From The Guardian:
“Nought may endure but Mutability,” wrote Shelley, joining an imposing line of English poets to have tackled this theme of perpetual change, including Spenser, Shakespeare, Marvell and Wordsworth. Jo Shapcott's new collection – her first in 12 years, barring the Rilke translations of Tender Taxes – meets the term and its history head-on, even going so far as to call itself Of Mutability, a nod towards the grammar of those predecessors as well as their preoccupations. The excellent title poem, a deceptively casual sonnet, acts as something of a tissue sample for most of the book's concerns, from the mutations of cells to the disruption of the seasons, in a voice as mutable as the phenomena it describes, speaking sympathetically in the year 2004 to those who “feel small among the numbers. Razor small”, and suspect the pavement might be about to open under their feet.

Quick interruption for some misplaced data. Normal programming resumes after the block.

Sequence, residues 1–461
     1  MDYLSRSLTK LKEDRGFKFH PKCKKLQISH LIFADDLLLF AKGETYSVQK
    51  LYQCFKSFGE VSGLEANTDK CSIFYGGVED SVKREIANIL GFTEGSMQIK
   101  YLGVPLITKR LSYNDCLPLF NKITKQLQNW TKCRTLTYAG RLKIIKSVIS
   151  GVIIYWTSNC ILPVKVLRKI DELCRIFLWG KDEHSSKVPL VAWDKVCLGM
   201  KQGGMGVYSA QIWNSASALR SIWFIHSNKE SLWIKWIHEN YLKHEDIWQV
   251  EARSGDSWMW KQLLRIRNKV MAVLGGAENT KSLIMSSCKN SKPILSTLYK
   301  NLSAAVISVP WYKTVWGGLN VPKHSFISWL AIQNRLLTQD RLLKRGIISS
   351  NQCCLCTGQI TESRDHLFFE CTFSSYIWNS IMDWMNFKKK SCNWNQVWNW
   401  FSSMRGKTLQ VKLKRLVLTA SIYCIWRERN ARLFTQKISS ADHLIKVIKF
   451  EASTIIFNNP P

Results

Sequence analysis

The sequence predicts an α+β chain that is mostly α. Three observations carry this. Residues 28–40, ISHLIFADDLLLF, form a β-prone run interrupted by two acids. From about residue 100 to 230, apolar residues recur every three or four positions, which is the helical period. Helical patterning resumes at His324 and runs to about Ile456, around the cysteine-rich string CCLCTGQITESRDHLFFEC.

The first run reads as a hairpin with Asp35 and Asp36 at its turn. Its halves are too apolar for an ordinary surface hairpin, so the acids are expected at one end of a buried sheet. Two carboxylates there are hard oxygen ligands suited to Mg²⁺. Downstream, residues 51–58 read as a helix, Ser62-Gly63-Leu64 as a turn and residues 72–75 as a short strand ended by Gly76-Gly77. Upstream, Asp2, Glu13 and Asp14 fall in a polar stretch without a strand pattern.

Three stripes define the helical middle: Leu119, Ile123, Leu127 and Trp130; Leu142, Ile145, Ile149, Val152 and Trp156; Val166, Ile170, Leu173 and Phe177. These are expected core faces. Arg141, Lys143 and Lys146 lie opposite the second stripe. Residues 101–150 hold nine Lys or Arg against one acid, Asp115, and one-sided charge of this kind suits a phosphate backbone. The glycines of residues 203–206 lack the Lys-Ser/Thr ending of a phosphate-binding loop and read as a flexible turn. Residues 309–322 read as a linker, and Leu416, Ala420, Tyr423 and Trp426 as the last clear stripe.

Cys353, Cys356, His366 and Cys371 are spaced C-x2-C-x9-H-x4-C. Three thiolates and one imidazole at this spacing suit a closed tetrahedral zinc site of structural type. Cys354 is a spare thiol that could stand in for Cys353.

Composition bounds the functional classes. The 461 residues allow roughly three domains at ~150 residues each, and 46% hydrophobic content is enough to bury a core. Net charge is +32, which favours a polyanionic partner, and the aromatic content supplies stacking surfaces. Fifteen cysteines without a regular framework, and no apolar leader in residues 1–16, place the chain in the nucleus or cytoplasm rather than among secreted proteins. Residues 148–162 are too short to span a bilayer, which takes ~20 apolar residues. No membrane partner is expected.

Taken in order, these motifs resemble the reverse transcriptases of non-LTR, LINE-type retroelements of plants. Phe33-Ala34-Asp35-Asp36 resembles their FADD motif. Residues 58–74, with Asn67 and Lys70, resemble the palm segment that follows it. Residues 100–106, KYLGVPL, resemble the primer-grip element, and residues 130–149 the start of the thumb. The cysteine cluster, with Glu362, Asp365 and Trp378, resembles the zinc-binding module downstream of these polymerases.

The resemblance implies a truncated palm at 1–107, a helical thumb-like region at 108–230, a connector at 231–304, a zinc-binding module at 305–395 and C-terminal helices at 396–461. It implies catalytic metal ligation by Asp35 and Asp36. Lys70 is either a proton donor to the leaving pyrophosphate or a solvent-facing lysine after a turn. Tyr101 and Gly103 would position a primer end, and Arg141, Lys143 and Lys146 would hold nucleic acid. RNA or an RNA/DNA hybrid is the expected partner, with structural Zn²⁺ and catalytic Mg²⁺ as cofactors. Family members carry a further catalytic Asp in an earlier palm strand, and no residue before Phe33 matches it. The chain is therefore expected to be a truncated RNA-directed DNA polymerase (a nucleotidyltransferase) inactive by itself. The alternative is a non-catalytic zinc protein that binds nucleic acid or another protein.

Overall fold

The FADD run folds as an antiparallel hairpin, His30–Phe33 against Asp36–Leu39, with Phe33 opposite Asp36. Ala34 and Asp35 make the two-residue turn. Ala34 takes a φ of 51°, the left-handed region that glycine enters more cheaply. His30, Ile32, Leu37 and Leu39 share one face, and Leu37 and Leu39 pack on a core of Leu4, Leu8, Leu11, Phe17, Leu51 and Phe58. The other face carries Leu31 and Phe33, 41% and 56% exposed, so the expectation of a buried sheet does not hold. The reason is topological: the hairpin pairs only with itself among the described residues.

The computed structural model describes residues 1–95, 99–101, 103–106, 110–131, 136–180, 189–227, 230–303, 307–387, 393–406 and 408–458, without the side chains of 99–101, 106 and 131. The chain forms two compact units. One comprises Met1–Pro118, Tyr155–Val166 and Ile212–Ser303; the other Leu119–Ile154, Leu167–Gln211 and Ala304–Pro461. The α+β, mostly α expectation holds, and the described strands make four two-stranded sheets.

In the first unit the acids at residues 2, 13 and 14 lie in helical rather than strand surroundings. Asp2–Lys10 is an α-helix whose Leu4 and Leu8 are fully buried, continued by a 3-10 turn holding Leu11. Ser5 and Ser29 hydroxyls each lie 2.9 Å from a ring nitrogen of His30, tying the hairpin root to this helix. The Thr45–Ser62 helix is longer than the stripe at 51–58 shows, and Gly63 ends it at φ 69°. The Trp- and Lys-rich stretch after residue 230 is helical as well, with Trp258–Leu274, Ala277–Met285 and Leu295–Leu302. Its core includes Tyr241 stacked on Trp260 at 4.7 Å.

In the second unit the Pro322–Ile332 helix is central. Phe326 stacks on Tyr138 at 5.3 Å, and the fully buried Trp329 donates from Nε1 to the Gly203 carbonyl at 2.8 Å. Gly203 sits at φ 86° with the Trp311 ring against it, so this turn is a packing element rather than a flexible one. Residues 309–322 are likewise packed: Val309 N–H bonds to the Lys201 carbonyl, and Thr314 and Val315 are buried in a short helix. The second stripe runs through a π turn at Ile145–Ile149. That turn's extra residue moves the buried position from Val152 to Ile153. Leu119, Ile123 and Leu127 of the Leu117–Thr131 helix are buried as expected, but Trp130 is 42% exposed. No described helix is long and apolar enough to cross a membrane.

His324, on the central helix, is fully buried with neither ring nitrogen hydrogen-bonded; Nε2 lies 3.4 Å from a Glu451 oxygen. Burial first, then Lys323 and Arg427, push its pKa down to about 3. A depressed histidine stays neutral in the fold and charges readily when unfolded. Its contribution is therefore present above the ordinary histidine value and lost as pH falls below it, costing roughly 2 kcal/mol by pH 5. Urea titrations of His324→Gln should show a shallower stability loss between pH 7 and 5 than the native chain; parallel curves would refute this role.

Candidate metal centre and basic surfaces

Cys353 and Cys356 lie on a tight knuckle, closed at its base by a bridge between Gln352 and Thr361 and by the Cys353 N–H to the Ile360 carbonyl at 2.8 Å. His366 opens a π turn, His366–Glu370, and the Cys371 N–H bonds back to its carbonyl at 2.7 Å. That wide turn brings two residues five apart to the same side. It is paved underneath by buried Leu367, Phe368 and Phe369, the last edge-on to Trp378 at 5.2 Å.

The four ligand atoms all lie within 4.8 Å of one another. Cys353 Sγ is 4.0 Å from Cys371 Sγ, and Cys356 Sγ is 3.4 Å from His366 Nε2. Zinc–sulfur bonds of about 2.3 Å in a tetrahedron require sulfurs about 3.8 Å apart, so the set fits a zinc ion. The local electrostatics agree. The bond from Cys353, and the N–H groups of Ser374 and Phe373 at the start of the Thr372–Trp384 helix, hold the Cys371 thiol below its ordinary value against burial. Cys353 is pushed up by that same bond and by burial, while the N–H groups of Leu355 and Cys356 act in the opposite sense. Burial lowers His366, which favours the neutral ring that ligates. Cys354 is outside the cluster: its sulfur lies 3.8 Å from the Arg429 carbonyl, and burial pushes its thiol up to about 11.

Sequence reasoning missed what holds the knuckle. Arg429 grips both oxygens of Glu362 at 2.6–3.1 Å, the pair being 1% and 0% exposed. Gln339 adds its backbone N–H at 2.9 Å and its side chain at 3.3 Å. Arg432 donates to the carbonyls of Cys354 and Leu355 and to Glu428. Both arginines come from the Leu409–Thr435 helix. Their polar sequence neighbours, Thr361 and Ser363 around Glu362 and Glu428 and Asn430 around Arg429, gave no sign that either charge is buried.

Curiously, many of the poems seem more interested in equilibrium than mutability: those moments when opposing forces of change match or negate one another. Bubbles and droplets, which depend upon a perfect balance between internal and external air pressure to maintain their surface tension, bear much of the emblematic weight, appearing literally in a fountain or a stream of piss, or as metaphors for physical experience: “My body's / a drop of water”, “the soap film is my skin”. Even the poems themselves can feel like bubbles – formal, delicate, trembling with immediacy – and it seems that Shapcott craves the clarity or guilelessness these metaphors permit: “I breathe in and become everything I see”.